Stink bugs likely here to stay

  • October 6, 2013

COLUMBUS, Ohio (AP) — There’s an invasion taking place in homes across Ohio.

Stink bugs seeking a warm shelter during the winter are wiggling their way into homes

The brown, shield-shaped insects called brown marmorated stink bugs are relatively new to the state, first appearing around 2007, but they aren’t likely to leave anytime soon.

“Those stink bugs will probably be a yearly occurrence from now on,” Ron Hammond, an entomologist with Ohio State University Extension in Wooster, told The Columbus Dispatch.

First identified in Pennsylvania in 1998, stink bugs have since been found in 33 states.

Researchers suspect they arrived in the United State in shipping containers from Asia.

The bugs don’t bite or sting, but they do give off a foul odor when they are squashed. They’re only about a half-inch long.

The bugs get into home through tiny cracks, holes and other openings in a home’s exterior. Windows that seal poorly are a common entry point, said Dave Shetlar, another insect expert with Ohio State.

They also can enter home through open soffit and roof vents

“These aren’t Houdini bugs,” Shetlar told the Akron Beacon Journal. “They don’t just magically appear in your house.”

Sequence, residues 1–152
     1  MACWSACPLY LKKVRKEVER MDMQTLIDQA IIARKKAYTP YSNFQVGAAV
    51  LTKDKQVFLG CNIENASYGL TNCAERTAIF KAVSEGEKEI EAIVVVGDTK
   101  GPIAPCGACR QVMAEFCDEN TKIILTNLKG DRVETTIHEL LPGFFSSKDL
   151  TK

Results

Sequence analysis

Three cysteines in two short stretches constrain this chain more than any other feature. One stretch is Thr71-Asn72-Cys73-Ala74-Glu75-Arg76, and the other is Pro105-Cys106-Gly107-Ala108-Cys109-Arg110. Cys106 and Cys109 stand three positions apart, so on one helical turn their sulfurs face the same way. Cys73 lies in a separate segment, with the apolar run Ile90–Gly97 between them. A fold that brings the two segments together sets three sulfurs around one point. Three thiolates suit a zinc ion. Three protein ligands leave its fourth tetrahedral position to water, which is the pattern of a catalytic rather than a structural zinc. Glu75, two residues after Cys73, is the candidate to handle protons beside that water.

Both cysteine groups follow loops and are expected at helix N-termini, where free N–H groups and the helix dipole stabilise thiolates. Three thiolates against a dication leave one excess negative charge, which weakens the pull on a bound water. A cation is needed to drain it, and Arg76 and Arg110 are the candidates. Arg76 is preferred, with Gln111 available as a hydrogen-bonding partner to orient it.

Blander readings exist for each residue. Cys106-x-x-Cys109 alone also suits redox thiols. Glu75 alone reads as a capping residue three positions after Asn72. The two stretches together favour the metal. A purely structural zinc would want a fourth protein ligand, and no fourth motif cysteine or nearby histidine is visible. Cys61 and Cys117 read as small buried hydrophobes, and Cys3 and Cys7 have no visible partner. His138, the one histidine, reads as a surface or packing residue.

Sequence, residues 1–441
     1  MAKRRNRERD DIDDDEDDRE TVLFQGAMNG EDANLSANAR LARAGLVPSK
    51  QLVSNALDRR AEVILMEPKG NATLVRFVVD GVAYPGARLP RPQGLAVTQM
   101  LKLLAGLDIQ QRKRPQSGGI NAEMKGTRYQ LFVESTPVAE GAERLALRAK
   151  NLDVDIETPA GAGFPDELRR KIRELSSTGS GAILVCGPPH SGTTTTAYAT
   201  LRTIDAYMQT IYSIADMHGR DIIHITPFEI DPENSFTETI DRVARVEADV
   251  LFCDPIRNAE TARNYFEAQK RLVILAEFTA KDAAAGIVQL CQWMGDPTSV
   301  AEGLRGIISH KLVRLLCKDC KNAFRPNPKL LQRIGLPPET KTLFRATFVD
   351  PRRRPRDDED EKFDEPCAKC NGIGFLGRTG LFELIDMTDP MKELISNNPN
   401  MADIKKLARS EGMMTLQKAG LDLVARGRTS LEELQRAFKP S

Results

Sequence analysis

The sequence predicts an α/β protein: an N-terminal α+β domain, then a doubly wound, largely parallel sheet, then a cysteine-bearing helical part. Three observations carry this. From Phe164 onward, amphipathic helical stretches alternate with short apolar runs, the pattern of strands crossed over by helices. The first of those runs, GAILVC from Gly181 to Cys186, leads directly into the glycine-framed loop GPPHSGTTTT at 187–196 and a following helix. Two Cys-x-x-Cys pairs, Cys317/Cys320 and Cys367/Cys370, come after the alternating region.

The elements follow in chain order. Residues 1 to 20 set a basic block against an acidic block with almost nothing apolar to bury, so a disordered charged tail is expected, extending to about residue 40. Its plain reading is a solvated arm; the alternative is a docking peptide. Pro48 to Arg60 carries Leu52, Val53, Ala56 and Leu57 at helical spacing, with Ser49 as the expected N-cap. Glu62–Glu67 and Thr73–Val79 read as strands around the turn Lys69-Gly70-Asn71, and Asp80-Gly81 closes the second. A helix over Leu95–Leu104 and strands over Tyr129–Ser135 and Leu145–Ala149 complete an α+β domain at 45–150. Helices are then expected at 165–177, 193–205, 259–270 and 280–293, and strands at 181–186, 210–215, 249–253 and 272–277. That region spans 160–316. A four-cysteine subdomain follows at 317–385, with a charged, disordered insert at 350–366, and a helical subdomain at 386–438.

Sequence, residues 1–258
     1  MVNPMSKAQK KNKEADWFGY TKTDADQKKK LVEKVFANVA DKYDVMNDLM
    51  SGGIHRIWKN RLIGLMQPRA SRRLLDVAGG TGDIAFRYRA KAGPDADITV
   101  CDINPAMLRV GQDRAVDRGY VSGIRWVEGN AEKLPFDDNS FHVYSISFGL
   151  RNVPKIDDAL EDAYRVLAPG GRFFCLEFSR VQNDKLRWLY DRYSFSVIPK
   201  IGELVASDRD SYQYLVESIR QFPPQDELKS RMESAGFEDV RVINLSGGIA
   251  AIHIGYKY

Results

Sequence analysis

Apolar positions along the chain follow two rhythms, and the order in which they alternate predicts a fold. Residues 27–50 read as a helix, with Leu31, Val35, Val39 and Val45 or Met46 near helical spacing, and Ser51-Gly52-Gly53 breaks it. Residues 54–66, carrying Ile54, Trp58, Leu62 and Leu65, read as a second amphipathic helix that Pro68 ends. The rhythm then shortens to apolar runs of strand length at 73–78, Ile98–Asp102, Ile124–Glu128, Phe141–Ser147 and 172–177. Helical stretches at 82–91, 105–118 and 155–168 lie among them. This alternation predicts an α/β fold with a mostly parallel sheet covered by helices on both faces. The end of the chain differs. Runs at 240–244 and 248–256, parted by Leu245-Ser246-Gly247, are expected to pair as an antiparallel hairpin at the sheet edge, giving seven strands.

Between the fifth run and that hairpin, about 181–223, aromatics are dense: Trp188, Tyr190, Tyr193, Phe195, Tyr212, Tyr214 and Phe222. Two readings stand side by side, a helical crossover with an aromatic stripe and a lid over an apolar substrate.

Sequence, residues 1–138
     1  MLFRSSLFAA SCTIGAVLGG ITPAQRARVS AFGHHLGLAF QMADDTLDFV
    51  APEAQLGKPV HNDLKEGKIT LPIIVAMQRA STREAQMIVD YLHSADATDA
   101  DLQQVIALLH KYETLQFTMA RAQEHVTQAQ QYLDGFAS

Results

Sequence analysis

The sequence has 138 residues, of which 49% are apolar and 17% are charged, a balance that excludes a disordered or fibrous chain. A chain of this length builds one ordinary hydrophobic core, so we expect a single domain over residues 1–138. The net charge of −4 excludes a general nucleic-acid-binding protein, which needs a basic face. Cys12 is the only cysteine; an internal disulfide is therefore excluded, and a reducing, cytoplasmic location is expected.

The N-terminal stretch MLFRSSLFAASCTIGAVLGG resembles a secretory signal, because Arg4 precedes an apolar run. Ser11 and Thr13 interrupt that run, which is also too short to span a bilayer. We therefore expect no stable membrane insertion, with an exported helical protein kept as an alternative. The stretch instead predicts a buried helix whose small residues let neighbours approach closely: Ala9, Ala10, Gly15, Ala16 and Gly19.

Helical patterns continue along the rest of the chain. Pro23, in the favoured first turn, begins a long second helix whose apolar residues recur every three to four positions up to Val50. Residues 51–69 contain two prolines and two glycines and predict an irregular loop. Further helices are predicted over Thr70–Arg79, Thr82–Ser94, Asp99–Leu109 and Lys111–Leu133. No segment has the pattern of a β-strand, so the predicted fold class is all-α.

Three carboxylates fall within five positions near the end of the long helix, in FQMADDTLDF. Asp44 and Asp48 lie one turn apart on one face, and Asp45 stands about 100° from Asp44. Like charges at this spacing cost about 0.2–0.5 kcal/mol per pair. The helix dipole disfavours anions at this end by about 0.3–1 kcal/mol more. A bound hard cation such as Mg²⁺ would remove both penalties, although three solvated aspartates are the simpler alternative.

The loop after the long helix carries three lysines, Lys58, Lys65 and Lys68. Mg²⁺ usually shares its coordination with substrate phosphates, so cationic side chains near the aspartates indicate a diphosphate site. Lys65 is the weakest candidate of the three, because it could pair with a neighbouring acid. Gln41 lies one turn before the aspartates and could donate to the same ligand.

The insects feeds on a range of ornamental and food plants, he said. Researchers are studying the damage it can do to fruit and soybean crops.

Chris Bergh, a University of West Virginia entomologist, said research said scientists have found about a half-dozen pesticides that seem to work well at combating the pest.

Adult stink bugs emerge in June and mate and lay eggs through August.

They’ll come inside when the weather turns cool.

Paige Spurbeck, who lives in the Columbus suburb of Westerville, said the bugs have overrun her deck.

“They’re just nasty,” Spurbeck said. “They smell, and they’re everywhere. They like the patio furniture on our deck, which is really disgusting.”


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